Give It All
Due to an ongoing Internet issue, I’ve been dealing with a lot of customer service representatives lately. My strategy with these people is to be as nice as possible, to treat them like new friends who would love nothing more than to do everything in their power to help me. Once upon a time it was more important that the person trying to help me thought I was nice than they actually helped me. Their theoretical opinion of me was like a wall that stood between me and all the nasty, impatient things I was often thinking. That wall seems to have disappeared. In this way, my niceness is a choice, which is actually the nicest way to be nice – assuming, of course, I am actually as nice as I think I am. Yet this wall’s absence reminds me of how people over forty-five tend to speak their minds no matter what anyone thinks of what they have to say, a tendency that only increases the older we get. As my mother-in-law recently explained, “I held my tongue for all those years. Now I don’t give a damn who I offend.”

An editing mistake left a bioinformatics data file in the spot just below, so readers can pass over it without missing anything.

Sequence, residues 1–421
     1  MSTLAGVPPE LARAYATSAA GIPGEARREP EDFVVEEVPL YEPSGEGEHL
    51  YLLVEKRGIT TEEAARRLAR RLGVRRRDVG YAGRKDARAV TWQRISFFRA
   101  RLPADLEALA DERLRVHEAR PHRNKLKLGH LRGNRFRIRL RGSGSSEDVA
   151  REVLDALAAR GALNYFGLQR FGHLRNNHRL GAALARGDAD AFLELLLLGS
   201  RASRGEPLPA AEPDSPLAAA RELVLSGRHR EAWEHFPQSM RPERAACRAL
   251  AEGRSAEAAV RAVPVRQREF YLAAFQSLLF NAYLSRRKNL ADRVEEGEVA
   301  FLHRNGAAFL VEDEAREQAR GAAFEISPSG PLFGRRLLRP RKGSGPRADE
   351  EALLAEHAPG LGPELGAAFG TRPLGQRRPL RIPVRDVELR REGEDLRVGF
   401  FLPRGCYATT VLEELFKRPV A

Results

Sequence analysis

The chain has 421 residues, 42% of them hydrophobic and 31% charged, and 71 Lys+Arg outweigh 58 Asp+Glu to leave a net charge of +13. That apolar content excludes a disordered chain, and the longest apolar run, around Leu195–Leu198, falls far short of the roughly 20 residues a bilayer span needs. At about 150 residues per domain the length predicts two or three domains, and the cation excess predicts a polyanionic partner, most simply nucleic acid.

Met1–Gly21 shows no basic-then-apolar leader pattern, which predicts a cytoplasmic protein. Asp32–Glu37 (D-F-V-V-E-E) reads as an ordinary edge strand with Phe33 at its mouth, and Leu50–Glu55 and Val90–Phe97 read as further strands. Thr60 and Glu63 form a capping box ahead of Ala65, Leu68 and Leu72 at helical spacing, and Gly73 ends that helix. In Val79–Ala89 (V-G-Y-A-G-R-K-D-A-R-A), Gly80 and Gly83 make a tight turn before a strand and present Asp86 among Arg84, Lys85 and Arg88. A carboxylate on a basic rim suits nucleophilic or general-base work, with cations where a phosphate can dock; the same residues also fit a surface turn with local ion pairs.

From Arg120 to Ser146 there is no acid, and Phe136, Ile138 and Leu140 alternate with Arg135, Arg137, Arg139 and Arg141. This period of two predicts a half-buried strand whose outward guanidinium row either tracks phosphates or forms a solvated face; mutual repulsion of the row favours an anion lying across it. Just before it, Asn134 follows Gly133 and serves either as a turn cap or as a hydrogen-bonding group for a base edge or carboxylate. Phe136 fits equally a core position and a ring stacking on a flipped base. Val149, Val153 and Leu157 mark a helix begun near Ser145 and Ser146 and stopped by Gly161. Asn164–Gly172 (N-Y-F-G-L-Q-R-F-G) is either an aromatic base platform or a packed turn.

Which is why, I believe, writing is so often a middle-aged profession. It is much easier to write honestly if you don’t give a damn who you offend. I don’t think there’s any value in trying to offend, but not trying not to offend will quickly paint you into a very boring corner. In fact, it is much easier to write if you don’t care what anyone thinks of anything you have to say, because no matter what you say you are guaranteed that everyone will think everything given the chance.
Still, I try to write stories that are kind, patient and generous because that is always how the truth has felt to me. It took me years to work up the courage write stories like this. I was worried people would think I was unsophisticated. Somewhere someone probably thinks exactly that, but this seems like a very small price to pay. To offer half the truth you know is to offer no truth at all. Instead, give to the world all that you know to be true so that the world might know the truth that is you.
Write Within Yourself: An Author's Companion. "A book to keep nearby whenever your writer's spirit needs feeding." Deb Caletti.